Direct X Problem after Parallels Installation!

Discussion in 'Windows, Linux & Others on the Mac' started by macfreak77, Aug 27, 2009.

  1. macfreak77 macrumors newbie

    Aug 27, 2009
    This is extremely urgent and any help would be apppreciated!

    I was running Bootcamp with Windows Vista smoothly until I decided to install Parallels 4.0 on my Mac 10.5.8. After installing Parallels, it loaded my Bootcamp installation which sort of freaked me out and so I closed Parallels without doing too much. When I booted Vista today, I tried running games that requried Direct X or enhanced graphics and they are not working! These games used to work fine before I had installed Parallels! I even tried fixing the Bootcamp installation by repairing the drivers through the installation cd that came with Leopard, but I still get the same problem!

    An example: I try running Project64, and it gives me a Direct X error 8876086A, stating that plugins are missing.
    Some games crash back to desktop without any error.

    Please help!
  2. Stridder44 macrumors 68040


    Mar 24, 2003
    Have you tried installing the latest version of DirectX? (The package contains both DX 9 and DX 10)

    As ridiculous as it sounds, neither Vista and 7 come with the very latest version of DX 9. And it's not even offered in Windows Update, which is just irritating. I always install this update when reformatting.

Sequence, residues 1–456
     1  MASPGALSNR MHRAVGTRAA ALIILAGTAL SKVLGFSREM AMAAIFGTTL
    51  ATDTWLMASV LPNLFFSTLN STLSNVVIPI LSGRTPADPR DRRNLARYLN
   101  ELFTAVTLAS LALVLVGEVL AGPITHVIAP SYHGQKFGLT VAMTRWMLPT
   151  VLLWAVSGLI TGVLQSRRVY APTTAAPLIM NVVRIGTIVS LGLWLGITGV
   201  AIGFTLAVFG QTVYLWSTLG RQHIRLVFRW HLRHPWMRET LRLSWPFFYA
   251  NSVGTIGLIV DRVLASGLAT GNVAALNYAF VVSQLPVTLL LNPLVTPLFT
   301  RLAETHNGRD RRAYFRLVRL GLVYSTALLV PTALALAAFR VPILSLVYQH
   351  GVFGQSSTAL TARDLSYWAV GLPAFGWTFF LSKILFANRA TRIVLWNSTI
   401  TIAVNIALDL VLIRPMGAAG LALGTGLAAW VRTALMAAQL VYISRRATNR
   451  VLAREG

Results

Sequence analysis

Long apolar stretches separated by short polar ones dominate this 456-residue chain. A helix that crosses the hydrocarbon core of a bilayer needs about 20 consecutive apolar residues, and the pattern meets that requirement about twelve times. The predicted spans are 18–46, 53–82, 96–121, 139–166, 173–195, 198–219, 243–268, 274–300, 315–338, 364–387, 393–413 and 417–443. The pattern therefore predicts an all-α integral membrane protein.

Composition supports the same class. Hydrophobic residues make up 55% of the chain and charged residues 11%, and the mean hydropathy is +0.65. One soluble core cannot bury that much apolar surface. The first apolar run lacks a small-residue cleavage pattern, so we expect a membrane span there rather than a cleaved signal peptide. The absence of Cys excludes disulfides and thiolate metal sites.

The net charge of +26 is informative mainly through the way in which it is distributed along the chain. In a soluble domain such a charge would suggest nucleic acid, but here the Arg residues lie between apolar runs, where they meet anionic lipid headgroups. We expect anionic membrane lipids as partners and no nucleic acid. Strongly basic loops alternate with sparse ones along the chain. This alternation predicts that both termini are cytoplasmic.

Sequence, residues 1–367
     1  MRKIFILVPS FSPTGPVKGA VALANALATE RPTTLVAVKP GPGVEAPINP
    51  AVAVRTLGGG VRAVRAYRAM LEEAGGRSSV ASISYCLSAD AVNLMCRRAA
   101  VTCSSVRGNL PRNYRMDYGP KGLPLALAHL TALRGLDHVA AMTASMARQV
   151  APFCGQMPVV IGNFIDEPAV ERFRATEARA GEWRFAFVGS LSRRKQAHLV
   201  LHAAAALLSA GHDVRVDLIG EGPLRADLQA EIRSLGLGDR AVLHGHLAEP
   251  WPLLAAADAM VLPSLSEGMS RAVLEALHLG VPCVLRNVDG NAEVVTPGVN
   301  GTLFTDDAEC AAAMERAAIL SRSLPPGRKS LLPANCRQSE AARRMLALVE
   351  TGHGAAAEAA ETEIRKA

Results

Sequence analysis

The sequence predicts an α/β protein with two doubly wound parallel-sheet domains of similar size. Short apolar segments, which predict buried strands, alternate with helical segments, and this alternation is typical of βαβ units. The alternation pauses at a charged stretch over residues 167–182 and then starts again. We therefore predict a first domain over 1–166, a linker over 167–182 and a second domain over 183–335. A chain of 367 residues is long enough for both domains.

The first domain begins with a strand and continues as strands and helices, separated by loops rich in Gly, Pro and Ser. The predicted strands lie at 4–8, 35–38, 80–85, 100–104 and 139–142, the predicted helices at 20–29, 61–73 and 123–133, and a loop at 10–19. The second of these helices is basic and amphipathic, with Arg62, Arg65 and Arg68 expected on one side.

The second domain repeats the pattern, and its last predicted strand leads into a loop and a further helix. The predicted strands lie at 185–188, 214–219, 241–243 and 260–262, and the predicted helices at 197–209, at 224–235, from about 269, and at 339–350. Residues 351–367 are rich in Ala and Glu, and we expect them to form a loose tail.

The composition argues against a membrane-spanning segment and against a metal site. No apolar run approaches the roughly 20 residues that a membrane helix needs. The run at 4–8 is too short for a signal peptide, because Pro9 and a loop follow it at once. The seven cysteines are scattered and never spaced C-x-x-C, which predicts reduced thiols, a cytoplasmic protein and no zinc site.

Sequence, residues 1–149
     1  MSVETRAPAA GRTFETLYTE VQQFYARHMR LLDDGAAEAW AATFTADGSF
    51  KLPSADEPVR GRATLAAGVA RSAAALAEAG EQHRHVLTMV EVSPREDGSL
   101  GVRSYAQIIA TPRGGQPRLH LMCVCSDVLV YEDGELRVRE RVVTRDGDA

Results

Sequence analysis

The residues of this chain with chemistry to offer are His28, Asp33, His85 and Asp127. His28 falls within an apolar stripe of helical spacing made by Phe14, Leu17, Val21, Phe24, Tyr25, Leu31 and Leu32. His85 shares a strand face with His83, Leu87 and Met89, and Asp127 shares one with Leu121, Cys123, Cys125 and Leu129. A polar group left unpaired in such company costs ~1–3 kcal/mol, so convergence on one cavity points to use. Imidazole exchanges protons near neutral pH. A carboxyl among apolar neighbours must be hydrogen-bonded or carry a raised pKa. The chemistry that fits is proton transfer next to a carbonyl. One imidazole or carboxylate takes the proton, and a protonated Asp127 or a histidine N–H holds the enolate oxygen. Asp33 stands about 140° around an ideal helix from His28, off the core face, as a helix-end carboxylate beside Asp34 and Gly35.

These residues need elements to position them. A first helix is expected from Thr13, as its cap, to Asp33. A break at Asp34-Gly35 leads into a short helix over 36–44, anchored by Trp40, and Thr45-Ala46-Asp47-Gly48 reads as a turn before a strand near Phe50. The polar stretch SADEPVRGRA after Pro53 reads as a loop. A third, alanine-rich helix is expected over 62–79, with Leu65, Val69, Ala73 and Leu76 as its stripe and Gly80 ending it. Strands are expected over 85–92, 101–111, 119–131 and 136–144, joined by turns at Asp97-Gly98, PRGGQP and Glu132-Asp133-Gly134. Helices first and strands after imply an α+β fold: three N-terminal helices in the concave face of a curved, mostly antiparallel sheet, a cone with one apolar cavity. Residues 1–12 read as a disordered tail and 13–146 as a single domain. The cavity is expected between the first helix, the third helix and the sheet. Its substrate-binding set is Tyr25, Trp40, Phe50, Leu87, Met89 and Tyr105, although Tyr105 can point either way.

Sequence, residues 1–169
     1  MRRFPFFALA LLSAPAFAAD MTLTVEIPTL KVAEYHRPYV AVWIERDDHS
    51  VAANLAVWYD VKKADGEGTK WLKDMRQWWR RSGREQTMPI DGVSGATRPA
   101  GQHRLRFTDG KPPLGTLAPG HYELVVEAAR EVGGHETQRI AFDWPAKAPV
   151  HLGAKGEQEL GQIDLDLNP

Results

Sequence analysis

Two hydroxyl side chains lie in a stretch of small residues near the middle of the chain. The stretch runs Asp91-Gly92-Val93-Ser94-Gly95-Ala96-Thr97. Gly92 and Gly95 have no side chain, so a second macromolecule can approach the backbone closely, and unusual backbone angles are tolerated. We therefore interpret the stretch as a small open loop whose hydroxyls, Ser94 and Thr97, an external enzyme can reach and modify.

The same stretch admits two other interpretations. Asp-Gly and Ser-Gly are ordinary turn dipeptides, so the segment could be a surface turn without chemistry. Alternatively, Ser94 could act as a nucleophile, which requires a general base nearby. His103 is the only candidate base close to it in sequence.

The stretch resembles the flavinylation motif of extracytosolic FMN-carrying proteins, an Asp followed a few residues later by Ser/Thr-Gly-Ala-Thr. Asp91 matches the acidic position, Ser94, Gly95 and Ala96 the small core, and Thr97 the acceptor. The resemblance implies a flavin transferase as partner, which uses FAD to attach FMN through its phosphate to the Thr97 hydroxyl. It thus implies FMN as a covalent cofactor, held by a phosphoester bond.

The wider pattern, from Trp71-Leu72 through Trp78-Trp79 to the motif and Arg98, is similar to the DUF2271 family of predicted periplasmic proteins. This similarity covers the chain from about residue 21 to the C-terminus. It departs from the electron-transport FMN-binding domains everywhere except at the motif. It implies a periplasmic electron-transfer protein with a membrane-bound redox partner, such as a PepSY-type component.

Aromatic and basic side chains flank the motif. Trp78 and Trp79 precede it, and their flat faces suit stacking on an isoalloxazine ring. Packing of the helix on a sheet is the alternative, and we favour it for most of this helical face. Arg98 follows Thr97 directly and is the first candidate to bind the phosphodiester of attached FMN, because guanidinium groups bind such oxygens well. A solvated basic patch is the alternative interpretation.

3. macfreak77 thread starter macrumors newbie

    Aug 27, 2009
    Hey, thanks.

    The problem is that I have Direct X 10 installed, at least that is what Dxdiag tells me. But what it also tells me is that in the display section, the direct x features are all listed as "NOT AVAILABLE" which I think means that there is a problem with the graphics, etc. All my games were running fine, it's just that after installing parallels, it's all messed up...
  4. ayeying macrumors 601


    Dec 5, 2007
    Yay Area, CA
    You screwed up your windows right there.

    Go back into Parallels, let it do its magic, then reboot. Parallels 4 should be using 2 profiles, one directly for virtualization, then the other for boot camp. If you somehow randomly stopped the VM, it didn't change back to the other profile, therefore, windows thinks its still in a vm and causes all mayhem to run wild.

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